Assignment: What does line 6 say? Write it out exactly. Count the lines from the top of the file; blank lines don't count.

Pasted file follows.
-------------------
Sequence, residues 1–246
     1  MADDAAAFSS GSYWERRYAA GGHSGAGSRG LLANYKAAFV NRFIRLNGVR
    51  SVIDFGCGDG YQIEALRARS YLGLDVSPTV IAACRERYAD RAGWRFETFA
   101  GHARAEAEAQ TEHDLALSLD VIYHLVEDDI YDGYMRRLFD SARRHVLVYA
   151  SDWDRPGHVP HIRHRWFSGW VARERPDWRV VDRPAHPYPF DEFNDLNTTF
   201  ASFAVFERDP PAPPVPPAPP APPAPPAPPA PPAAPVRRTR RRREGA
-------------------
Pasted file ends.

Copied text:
   201  ASFAVFERDP PAPPVPPAPP APPAPPAPPA PPAAPVRRTR RRREGA